Carson Babbini | April 11th, 2019
The Minnesota Wild came into this season with playoff expectations and the roster to do it. However, the Wild have now been eliminated from playoff contention and will be looking for answers this offseason. In our Season Review series, today we focus on the Minnesota Wild.
This year, as hard as it was to score this season for the Wild, there were some players who shined for them this season. This season could be known as the resurgence of Zach Parise who, despite having an injury ridden season, led the team in points with 61 points in 74 games. Eric Staal also continued his strong Wild career, even though his production did go down with 52 points in 81 games. This performance helped earn Staal a two-year extension with the Wild. Finishing off the top three players for the Wild is defensive anchor Ryan Suter, who had 47 points in 82 games, his seventh season in his fourteen-year career that he has played in 82 games.
While it may be hard for a lot of Wild fans to think of many successes for the team, one big success was the Wild had a tremendous penalty kill this year with an 81.7% penalty kill, good enough for seventh best in the NHL.
Some players also have finally emerged the way that the team hoped they would like defensemen Mathew Dumba, before his injury, and Jared Spurgeon who had a career year this season with 43 points and was able to play in all 82 games for the first time in his career. At points, it looked as though Spurgeon was one of the best offensive defensemen in the league this season. Dumba was finally starting to mold into the offensive role that the Wild thought he could be for them this season, but he injured himself during a fight against the Calgary Flames this season.
The biggest problem with the team this year was that they just couldn’t score, try as they might. The team scored 2.6 goals per game this season, which was fifth worst in the entire NHL.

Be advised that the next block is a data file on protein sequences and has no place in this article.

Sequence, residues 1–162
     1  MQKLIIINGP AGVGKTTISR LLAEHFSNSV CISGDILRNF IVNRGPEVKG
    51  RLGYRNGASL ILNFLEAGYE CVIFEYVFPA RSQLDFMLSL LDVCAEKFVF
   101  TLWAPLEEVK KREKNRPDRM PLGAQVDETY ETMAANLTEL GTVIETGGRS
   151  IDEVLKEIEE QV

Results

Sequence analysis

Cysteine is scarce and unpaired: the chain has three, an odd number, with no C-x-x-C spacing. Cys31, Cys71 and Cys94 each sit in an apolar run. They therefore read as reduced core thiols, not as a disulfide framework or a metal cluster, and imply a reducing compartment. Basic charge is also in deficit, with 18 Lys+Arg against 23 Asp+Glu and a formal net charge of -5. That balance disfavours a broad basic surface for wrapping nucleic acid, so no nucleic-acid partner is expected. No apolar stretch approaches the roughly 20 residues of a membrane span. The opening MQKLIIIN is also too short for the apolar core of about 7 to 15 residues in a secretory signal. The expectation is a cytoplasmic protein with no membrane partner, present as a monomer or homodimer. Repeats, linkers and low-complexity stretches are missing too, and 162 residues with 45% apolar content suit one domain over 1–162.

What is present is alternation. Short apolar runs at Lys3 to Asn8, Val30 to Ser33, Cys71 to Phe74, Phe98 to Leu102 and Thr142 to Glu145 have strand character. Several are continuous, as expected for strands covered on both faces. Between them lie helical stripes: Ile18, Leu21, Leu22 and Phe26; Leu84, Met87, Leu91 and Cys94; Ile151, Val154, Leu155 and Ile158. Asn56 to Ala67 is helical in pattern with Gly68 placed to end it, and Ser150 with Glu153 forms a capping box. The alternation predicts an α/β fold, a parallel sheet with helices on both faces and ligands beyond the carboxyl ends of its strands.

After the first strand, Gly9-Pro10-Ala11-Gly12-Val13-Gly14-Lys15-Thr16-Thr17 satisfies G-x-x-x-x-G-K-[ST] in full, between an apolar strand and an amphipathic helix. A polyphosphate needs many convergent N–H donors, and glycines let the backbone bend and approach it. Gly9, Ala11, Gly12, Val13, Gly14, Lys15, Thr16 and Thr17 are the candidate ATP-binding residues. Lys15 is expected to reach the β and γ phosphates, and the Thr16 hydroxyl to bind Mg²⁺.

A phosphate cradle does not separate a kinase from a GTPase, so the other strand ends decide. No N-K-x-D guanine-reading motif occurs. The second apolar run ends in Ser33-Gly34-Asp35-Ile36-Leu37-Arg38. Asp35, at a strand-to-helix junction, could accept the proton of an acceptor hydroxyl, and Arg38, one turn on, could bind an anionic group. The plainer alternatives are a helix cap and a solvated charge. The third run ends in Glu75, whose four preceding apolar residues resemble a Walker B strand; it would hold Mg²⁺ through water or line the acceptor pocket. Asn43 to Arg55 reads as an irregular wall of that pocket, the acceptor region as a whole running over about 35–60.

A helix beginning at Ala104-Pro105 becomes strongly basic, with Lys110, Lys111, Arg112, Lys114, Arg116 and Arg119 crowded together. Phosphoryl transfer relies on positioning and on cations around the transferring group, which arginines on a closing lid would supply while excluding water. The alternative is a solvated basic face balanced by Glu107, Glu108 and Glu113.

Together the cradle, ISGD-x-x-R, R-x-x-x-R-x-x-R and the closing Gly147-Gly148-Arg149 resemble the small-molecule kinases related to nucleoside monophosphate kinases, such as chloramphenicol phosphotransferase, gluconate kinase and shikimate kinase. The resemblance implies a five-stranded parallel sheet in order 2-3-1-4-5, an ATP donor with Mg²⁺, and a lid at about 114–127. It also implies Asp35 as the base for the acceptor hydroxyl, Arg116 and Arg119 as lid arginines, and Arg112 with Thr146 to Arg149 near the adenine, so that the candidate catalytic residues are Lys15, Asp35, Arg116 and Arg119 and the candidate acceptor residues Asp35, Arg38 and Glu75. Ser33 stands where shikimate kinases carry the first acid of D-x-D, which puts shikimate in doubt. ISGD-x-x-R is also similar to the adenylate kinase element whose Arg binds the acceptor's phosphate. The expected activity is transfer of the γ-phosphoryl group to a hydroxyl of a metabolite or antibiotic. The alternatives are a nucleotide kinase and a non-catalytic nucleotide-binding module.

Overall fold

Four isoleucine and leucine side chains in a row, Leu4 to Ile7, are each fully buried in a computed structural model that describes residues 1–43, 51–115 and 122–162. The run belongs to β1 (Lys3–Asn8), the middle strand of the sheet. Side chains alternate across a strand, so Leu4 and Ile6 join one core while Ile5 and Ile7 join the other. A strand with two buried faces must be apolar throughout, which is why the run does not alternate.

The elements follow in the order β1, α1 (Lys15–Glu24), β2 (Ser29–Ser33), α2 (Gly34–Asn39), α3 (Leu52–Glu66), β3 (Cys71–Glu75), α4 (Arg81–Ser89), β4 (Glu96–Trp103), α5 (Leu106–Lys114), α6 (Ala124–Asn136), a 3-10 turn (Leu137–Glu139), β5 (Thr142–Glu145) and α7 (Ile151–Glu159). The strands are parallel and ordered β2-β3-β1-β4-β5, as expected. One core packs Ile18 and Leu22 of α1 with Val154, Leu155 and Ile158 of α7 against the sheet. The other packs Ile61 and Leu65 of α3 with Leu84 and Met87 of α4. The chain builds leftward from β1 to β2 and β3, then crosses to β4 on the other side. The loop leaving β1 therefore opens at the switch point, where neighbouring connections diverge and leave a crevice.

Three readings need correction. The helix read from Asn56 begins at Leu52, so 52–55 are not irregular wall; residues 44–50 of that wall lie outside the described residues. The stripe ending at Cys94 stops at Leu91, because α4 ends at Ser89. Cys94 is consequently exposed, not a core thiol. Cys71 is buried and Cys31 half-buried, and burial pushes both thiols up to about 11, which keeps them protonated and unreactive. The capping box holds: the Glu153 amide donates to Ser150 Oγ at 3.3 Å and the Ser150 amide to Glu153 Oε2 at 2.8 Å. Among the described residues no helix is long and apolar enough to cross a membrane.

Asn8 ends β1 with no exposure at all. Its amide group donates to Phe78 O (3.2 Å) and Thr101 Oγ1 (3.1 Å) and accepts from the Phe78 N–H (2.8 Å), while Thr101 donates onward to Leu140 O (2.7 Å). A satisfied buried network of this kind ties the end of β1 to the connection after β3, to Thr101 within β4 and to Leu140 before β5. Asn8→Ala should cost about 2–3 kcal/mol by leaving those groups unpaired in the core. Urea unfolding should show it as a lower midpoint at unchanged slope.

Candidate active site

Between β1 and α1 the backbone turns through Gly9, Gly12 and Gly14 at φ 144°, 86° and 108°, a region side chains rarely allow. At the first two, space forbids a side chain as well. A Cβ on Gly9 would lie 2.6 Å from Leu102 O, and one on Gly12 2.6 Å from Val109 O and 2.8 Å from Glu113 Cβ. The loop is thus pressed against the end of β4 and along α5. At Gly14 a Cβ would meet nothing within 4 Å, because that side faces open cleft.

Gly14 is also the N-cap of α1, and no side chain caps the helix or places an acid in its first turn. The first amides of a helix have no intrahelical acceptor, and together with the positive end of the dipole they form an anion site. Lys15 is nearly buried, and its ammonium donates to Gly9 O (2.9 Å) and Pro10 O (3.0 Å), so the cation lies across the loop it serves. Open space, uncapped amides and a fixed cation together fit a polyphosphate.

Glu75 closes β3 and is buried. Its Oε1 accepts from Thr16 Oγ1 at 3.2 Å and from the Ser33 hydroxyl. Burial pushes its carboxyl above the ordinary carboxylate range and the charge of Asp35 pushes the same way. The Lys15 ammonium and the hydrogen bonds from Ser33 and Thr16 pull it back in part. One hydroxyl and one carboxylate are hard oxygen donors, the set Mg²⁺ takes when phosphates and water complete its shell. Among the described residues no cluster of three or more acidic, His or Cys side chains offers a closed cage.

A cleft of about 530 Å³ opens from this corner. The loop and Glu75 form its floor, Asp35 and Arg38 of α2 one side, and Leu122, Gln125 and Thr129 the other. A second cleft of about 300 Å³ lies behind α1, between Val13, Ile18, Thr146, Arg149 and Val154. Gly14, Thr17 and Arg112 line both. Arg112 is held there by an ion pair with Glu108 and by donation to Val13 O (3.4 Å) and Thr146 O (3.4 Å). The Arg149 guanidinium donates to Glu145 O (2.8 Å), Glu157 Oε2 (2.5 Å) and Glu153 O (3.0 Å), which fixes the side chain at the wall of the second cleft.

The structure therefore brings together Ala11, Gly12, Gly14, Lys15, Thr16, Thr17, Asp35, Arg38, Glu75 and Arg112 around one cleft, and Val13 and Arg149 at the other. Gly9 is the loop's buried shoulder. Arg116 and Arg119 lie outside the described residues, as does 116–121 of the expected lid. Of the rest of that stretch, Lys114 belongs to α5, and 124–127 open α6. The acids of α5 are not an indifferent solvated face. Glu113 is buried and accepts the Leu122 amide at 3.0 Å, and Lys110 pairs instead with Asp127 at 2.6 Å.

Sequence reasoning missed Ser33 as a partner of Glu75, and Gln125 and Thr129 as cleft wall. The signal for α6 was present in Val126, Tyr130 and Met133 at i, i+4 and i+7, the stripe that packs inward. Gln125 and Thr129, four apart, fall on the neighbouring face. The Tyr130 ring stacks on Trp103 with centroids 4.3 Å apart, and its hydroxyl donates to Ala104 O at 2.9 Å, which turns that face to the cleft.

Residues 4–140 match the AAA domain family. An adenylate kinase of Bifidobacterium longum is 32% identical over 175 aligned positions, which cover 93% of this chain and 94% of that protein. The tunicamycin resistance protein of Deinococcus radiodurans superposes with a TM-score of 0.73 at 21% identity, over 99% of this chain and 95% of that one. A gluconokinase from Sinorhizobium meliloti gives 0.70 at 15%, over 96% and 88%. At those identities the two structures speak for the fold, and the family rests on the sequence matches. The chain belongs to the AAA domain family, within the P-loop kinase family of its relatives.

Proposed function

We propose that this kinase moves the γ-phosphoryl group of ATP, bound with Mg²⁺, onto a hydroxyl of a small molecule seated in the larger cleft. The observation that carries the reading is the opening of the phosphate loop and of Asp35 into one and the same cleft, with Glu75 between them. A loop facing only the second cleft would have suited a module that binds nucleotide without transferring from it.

Having this low of a ratio just doesn’t cut it in a scoring driven league. The aforementioned injury to Dumba hurt as well, but the team in general struggled with injuries this season. Team captain Mikko Koivu suffered an injury late in the season and he missed the rest of the regular season, and trade deadline acquisition Victor Rask was injured ten games into his Wild career.
Some of the trades that first-year general manager Paul Fenton made have worked out wonderfully for the Wild, such as acquiring center Ryan Donato from the Boston Bruins at the trade deadline who brought an offensive spark to the team scoring sixteen points in his 22 games in a Wild jersey this season, and, surprising all Wild fans, defenseman Brad Hunt who brought a solid depth defenseman presence that the Wild hadn’t had this year. However, some have blown up in the team’s face and badly like the trade of Nino Niederreiter. After trading Niederreiter to the Carolina Hurricanes, he found the scoring touch he missed this year for the Wild, scoring 30 points in 36 games for the Canes and now finds himself in the playoffs. Victor Rask, the piece that came back to the Wild in the deal, had a rough time adjusting to the Wild as he only scored an abysmal three points in 23 games.
What Next Year Holds
During the end of the year press conference the team held, Fenton maintained that there will be no coaching change and that his coach will still be Bruce Boudreau. Fenton also said that he plans on not spending in free agency purely for the purpose of spending, but looks to improve the offense. This offseason could be crucial for the Wild as they are in quite a predicament with their salary cap. This year also ended the seven-year streak of the Wild in the playoffs, and it will be interesting to see what moves are made in the offseason.
Read our other 2018-2019 NHL Season Reviews:
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